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SPOKANE, Wash. -- As the three U.S. ice dancing teams bound for the 2010 Olympics skated out to take their places on the podium at the national championships, the public address system played musical excerpts from their programs.
It might have been more appropriate to blast "Hail to the Victors" instead. Gold medalists Meryl Davis and Charlie White and bronze medalists Emily Samuelson and Evan Bates are Michigan natives who are all enrolled at the University of Michigan in Ann Arbor.
And the silver medal team of Tanith Belbin and Benjamin Agosto, competing in what they anticipate will be their final nationals, has a Michigan connection as well. The tandem trained at the same Canton, Mich., club as Davis and White until the spring of 2008, when they decamped for Pennsylvania after a disappointing fourth-place finish at the World Championships.
Davis and White are coached by Russians Igor Shpilband and Marina Zoueva, who have a lot to do with the fact that the U.S. is now an ice dancing superpower. Dapper and soft-spoken, Shpilband coached the first American team to rise to international prominence in the 1990s, Elizabeth Punsalan and Jerod Swallow. Zoueva choreographed programs for the Russian couple who were peerless in their time, Ekaterina Gordeeva and Sergei Grinkov.
Punsalan and Swallow served as pied pipers for the next generation of Americans, and Belbin and Agosto, who won their Olympic medal under Shpilband and Zoueva's tutelage, are the overlap between eras. At a press conference after the original dance program, Samuelson admitted they were "the first team I idolized," amusing Belbin, 25, and Agosto, 27, no end. Time flies in ice dancing.
In a scenario that would have been unthinkable a few Olympics ago, Vancouver could see an all-North American podium. Davis/White, this year's Grand Prix finals champions, and Belbin/Agosto, the defending '06 silver medalists, will go in as favorites along with Canadian champs Tessa Virtue and Scott Moir, who train -- guess where? -- in Michigan, under the same roof as Davis and White.
Davis and White's win confirmed a changing of the guard at the top of the U.S. hierarchy that was in the works all season. Belbin and Agosto, with the Olympic medal and five U.S. titles in their trophy case, deliberately played down the head-to-head competition with Davis and White, which they lost for the first time. Davis and White, not surprisingly, felt differently.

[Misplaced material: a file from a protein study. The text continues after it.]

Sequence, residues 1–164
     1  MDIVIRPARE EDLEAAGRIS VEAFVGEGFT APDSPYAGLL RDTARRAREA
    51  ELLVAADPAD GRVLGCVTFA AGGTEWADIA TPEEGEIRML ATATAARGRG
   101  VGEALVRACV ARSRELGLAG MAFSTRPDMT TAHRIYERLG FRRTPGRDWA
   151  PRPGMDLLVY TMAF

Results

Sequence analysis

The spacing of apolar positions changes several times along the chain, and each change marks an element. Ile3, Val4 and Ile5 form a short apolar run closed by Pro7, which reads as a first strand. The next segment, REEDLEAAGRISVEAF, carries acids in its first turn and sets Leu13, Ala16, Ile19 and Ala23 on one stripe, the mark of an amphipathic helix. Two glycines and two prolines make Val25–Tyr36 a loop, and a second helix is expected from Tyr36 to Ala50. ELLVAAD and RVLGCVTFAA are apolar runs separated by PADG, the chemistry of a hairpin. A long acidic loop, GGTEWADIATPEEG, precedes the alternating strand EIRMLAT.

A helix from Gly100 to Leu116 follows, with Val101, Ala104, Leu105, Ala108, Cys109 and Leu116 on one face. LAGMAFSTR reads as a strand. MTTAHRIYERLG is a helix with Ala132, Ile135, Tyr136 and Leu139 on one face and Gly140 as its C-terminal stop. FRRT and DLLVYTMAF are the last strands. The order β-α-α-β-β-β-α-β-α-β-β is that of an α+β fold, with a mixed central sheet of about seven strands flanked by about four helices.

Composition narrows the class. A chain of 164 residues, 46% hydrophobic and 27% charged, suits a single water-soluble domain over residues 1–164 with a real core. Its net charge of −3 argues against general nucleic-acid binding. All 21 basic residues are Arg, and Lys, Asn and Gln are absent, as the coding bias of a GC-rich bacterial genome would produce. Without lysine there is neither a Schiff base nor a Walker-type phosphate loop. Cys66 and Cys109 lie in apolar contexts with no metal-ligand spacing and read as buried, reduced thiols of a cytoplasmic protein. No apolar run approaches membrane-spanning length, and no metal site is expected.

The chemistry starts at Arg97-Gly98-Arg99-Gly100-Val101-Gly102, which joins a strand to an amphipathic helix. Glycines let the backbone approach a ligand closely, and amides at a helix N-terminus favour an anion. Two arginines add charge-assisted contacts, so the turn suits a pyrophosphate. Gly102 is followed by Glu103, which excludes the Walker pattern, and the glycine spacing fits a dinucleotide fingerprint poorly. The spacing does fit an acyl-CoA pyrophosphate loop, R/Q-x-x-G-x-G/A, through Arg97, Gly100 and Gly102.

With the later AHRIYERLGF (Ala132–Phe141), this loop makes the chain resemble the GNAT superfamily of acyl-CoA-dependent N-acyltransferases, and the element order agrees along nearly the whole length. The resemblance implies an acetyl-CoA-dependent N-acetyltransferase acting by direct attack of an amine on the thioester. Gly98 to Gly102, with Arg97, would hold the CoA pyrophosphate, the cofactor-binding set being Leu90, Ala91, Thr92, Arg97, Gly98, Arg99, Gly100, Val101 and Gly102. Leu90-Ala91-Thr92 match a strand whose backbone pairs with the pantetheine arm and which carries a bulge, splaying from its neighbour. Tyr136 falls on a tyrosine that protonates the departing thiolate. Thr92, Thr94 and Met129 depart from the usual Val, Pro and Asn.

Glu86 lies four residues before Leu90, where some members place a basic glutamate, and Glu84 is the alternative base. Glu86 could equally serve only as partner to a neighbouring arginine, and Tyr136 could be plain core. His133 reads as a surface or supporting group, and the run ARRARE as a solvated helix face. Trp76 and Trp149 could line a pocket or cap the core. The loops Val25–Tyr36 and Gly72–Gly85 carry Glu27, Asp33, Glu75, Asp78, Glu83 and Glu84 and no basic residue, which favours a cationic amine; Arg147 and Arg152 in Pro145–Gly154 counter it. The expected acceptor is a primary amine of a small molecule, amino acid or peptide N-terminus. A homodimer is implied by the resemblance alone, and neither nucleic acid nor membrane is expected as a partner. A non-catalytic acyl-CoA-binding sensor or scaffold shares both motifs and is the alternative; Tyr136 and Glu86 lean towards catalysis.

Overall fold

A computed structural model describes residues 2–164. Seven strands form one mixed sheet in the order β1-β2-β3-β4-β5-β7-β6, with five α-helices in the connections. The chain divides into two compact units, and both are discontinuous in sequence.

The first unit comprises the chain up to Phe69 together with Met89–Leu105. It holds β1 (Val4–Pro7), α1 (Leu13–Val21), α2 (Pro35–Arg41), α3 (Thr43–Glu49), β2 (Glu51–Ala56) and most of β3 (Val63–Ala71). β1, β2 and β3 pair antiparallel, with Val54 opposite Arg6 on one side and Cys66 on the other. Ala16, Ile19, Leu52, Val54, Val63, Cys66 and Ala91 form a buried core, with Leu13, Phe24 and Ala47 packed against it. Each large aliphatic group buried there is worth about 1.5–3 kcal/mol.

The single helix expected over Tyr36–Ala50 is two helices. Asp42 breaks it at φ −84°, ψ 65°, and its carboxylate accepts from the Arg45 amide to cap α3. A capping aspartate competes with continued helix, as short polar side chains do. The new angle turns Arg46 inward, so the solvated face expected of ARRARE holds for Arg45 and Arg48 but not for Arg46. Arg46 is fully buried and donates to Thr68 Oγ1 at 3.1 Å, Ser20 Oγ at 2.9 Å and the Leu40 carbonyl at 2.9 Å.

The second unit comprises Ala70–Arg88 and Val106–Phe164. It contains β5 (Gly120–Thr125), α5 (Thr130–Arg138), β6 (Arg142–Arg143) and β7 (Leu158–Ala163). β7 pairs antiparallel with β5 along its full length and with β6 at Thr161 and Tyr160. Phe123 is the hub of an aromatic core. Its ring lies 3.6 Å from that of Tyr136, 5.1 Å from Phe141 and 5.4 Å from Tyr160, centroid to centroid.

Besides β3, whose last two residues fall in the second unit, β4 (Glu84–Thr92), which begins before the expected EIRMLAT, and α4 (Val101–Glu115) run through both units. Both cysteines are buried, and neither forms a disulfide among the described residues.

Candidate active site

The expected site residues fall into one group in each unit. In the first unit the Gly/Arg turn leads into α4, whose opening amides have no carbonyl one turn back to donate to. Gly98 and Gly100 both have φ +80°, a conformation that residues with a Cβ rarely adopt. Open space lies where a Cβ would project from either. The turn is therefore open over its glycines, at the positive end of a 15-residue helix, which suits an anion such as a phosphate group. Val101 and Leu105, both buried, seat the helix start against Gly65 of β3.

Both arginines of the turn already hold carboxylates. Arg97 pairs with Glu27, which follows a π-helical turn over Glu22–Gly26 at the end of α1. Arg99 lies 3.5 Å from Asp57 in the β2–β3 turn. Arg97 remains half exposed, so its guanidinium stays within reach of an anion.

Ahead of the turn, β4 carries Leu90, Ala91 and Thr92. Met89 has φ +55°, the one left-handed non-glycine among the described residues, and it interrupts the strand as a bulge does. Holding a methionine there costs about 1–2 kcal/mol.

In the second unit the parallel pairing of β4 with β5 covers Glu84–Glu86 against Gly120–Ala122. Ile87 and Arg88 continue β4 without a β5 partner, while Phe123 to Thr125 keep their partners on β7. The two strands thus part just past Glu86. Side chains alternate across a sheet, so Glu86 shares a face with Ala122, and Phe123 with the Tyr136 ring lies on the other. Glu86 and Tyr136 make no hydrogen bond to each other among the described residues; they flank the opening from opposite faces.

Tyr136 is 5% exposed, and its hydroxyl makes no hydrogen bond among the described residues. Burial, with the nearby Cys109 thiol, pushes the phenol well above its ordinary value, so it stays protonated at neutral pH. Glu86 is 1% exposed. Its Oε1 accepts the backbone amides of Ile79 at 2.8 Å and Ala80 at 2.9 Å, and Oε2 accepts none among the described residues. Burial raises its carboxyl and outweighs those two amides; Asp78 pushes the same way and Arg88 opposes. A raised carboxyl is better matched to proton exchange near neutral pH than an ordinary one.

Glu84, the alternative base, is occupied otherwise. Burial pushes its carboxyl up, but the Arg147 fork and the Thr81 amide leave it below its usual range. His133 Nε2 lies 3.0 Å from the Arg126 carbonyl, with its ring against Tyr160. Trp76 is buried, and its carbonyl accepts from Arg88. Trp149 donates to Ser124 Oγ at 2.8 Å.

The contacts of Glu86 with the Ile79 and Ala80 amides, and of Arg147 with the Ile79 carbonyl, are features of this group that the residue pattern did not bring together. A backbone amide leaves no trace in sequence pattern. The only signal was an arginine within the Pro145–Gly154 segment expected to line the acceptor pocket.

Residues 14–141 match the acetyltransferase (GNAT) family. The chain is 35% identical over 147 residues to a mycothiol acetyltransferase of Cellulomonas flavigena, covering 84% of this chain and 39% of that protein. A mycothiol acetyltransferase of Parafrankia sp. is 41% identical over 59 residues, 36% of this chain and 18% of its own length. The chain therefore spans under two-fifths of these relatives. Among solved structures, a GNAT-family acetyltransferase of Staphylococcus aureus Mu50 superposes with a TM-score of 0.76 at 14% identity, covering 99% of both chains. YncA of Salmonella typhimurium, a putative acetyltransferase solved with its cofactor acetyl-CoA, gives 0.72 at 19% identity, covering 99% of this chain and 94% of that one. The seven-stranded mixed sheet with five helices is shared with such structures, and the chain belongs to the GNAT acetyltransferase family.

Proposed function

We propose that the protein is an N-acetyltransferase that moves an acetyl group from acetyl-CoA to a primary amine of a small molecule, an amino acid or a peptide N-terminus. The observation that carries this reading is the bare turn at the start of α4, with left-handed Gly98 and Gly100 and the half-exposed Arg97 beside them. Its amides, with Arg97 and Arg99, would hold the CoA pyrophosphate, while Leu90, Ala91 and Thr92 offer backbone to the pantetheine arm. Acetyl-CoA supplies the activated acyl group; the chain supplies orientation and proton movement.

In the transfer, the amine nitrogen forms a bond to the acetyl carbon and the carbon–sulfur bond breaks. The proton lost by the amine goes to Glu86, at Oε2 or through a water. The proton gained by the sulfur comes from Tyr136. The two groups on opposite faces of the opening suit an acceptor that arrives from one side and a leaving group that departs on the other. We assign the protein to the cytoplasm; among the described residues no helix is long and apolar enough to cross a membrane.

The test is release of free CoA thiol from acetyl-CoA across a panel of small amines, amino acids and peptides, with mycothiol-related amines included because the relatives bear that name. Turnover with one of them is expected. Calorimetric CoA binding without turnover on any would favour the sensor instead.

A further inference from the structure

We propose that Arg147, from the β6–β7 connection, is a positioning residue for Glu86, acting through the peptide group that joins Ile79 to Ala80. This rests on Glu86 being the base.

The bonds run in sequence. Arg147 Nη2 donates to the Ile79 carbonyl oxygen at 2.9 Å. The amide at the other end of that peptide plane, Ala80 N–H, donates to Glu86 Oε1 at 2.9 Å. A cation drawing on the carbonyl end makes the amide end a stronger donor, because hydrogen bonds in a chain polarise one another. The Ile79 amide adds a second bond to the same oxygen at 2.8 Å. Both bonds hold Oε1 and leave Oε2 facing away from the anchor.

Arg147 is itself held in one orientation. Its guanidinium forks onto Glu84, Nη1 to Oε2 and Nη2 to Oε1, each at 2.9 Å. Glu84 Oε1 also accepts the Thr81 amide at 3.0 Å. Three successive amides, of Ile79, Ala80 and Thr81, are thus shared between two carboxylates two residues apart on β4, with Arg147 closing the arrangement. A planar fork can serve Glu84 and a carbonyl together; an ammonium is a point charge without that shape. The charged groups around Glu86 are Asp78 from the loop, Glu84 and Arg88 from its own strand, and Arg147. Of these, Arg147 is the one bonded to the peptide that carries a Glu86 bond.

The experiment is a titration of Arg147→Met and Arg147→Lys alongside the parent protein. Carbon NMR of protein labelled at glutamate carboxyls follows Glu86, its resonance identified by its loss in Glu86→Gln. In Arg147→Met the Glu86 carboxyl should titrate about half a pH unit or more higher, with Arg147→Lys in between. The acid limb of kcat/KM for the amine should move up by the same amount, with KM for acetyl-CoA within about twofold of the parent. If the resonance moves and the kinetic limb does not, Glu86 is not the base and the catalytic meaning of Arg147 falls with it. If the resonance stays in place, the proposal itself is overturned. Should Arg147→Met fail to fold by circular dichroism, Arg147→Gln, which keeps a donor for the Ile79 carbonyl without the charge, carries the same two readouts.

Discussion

"It's really a testament to our training and everything we've put into our skating over the last 13 years," White said. "To come out at nationals and beat such an amazing team with the credentials that they have, especially leading to the Olympics, we're going to take that and run with it."
Davis said the possibility of an Olympic berth "wasn't something we really allowed ourselves to accept until this week," although the critical mass certainly was moving in that direction. The two gained tremendously in style and prestige points this season with their distinctive original dance set to Indian music, and managed to take a much more familiar soundtrack, "Phantom of the Opera," and make it their own in the free dance.
Shpilband was initially reluctant to use the music, fearing it had been over-exposed. His 2009 world junior champions, Madison Chock and Greg Zuerlein, had just performed a winning program to different excerpts from the same show. But Zoueva talked him into it, and then talked Davis and White into doing a dramatic, innovative lift halfway through the program when choreography sometimes takes a nap.
The daring maneuver involves White skating backwards, hoisting Davis up and over his shoulder and then balancing on one skate while bending the other at a 45-degree angle. Davis then gently rests one foot on his back and the other on the back of White's calf -- while he's still going backwards, mind you. The two practiced it for weeks with a chair as a crutch. Zoueva said White wears padding on his legs during practice, but not in performance. "He has some bruises," she said.
The lift doesn't have a name yet, although Zoueva said she favors "the Phantom."
Bates and Samuelson admitted they had not expected to be in this position so soon. "We didn't think 2010 was within the realm of possibility," said Bates, who shares an off-campus apartment in Ann Arbor with White and two other skaters. "The Olympics is kind of an abstract word to us. It's a cliché to say you're speechless, but it's hard to come up with adjectives." Samuelson -- an ebullient Debra Messing look-alike -- chattered excitedly about the 2014 and 2018 Winter Games before Bates reminded her how far in the future that really was.
There were tears, but no regrets for fourth-place finishers Kim Navarro and Brent Bommentre, who finished their free dance -- and, in all likelihood, their competitive career -- to the U2 song "One" to an emotional ovation from a crowd that knew how much was on the line for them.
"I think we're going to look back on that and say we left everything out there," Bommentre said as both fought for composure. "I think if we hadn't skated the way we skated, and we'd been cautious, we would have had those what-ifs."